Unfortunately, it has a huge problem that makes it impossible to recommend.  I’ll get to that soon enough.  First, I want to focus on what works in the book.  O’Connor’s art is rather cartoonish, which struck me at first as being inappropriate to the subject matter, but as I got used to it, the more interesting it became.  His three European characters – van den Bogaert, Jeronimus la Croex, and Willem Tomassen – are constrasted nicely and I hope intentionally with the many Indians they meet.  On the one hand, they are distinctive in their appearances – with very few exceptions, Arenias the chief of the Oneida being one, the Indians all look pretty much alike.  We can tell if they are old or young, but other than that, they are all similar.  This choice by O’Connor is interesting, because I’m not sure what to make of it.  Is it laziness (I doubt it) or is he trying to make a point about the relative numbers at that time of Indians and Europeans in the New World?  Are the Indians similar because there are so many of them?  I’m not sure.  On the other hand, van den Bogaert and his traveling companions might be individualized, but they are also buffoons, first hiking upcountry with their unwieldy boots on and never actually relinquishing their armor, although they do change shoes.  The Indians are constantly giving them sympathetic and pitying looks, as a grown-up gives a child when the child encounters something they can’t puzzle out.  The Indians in this story are the mature civilization, and the Dutch are the ones who are lost.  It’s a nice contrast to the way we usually see the European-Native American dynamic played out - even in movies that are hugely sympathetic to the natives, there’s always that “march of progress” theme that lets us know the white people are eventually going to wipe them out.  In this book, there is very little that portends a conquest by the Europeans of this vast land.  It’s virgin territory, and anyone reading this book who didn’t know the rest of the story could be forgiven if they think that the Europeans wouldn’t last long.  O’Connor’s art goes a long way toward evoking this feeling of Indian superiority (and by superiority I don’t mean that the Indians are “better,” just that they’re more numerous and better established), despite the odd choice of making them all look the same.  The entire book takes place in Mohawk Country, and we never see any Dutch civilization beyond the second page.  We do, however, see the many villages of the Indians and the complex social structure they had developed, and althoug van den Bogaert and his companions try to fit in, it’s obvious they have no idea how to react to this culture.  It’s this cultural exchange that is the best part of the book, and a large part of it comes from O’Connor’s art.  He has added some ironic touches to the art that reflect the Europeans’ sense of superiority to the Indians even when the journal doesn’t imply that.  The two cultures can’t understand each other, but they make the effort, and we see this in the art.

However, the art is only part of the book, and in the narrative, Journey into Mohawk Country breaks down.  I don’t want to say it breaks down entirely, but enough that although there are many admirable things in the book, as a whole it fails.  The problem is that van den Bogaert is a dreadfully dull narrator.  His journey is wholly a trade junket, and he goes over the terms with the Indians in minute and boring detail.  When they are traveling, his story plods along like the travelers themselves, with overly tedious descriptions and very little embellishment.  This is, after all, a journal, and is not meant to be a gripping story, but so little happened to van den Bogaert and his two friends on their journeys that one wonders why O’Connor chose to adapt it in the first place.  Seriously – his life is never threatened, he doesn’t hook up with a comely native lass (although there are a few times when he wants to), he doesn’t get trapped in a snowstorm and have to eat his own toes to survive – he hikes north, meets a lot of natives, concludes treaties with them, sees how they live, and returns to Fort Orange.  Sure, some of the Indians are surly and yell at him, but they’re usually either joking around or easily placated.  It’s a frustrating read, because we keep waiting for something to happen, and nothing ever does.  By the time van den Bogaert returns after six weeks in the north, we simply wonder, “Is that it?”  Yes, that’s it.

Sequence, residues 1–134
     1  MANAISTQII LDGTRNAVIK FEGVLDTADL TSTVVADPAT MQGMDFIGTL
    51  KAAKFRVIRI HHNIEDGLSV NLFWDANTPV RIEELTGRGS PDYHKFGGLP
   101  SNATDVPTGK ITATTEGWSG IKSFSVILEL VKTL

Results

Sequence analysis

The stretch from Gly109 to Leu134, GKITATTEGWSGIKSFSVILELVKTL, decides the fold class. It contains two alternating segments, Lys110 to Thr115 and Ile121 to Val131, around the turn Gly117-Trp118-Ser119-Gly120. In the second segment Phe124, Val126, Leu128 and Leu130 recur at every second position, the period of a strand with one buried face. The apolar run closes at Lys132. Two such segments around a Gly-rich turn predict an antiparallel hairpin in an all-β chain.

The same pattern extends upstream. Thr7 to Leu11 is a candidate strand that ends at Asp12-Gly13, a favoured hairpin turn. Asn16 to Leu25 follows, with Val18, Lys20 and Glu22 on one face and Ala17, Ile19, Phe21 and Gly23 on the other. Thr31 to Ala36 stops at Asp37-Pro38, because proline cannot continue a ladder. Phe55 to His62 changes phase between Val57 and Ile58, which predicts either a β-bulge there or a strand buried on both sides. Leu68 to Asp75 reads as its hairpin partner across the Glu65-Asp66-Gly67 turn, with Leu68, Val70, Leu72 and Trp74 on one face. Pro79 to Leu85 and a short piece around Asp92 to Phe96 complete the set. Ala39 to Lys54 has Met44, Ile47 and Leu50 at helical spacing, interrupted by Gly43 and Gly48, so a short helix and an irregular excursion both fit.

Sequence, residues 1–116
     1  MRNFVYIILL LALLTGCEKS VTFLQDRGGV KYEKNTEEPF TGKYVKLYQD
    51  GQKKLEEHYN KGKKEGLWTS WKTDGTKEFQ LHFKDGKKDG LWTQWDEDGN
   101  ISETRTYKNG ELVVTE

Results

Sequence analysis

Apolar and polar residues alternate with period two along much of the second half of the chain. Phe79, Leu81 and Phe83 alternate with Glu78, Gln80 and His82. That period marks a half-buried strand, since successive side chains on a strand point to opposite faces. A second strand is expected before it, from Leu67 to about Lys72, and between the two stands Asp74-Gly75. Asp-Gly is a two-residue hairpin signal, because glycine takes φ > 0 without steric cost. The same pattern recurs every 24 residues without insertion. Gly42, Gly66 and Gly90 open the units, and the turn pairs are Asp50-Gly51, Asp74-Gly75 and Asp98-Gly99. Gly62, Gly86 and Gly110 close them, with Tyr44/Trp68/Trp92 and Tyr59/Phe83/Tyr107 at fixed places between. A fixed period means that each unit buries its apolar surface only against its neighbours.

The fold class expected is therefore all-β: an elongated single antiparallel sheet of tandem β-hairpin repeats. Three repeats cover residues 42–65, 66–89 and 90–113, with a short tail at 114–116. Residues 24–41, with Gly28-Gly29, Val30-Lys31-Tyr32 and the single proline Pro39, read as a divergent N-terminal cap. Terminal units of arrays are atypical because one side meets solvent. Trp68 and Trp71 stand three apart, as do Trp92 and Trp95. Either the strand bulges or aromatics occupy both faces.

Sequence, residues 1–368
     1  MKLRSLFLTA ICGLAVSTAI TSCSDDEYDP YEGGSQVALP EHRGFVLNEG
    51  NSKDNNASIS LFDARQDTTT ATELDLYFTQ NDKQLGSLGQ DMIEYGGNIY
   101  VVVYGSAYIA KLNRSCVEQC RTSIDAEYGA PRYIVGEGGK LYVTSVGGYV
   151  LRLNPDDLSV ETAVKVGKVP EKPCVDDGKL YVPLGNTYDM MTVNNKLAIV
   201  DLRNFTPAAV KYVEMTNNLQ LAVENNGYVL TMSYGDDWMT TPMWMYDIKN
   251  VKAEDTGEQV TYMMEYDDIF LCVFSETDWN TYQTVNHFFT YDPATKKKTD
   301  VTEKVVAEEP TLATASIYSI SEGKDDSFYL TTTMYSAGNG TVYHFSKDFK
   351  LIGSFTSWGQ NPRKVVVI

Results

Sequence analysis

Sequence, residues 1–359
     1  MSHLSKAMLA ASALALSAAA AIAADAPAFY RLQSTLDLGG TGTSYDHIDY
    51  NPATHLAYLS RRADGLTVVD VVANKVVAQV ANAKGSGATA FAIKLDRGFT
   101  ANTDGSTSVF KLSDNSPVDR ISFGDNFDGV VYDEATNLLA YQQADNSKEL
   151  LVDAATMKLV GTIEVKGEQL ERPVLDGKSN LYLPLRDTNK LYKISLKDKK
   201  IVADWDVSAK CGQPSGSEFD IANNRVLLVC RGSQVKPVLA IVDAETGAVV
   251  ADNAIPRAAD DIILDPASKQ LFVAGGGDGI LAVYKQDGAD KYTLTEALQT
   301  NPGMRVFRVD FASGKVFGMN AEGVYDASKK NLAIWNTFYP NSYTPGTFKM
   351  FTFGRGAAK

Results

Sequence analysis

There is one brief moment of interest in van den Bogaert’s journey, and that, I have to believe, was inserted by O’Connor.  Van den Bogaert can’t sleep one evening toward the end of his travels, and he wanders into the woods.  He sees a shirtless Indian who waves goodbye to him and then points behind him.  The forest opens up and he is almost swallowed by a brilliant white light as the trees become what appear to be skyscrapers around him.  This short vision of the future, which is unnerving in a way not unlike Sir William Gull’s vision in From Hell, is the only time we get any sense that this story is going somewhere, and showing us what was lost when the Europeans started to arrive in numbers.  Other than that, it’s somewhat dull, and that’s a shame.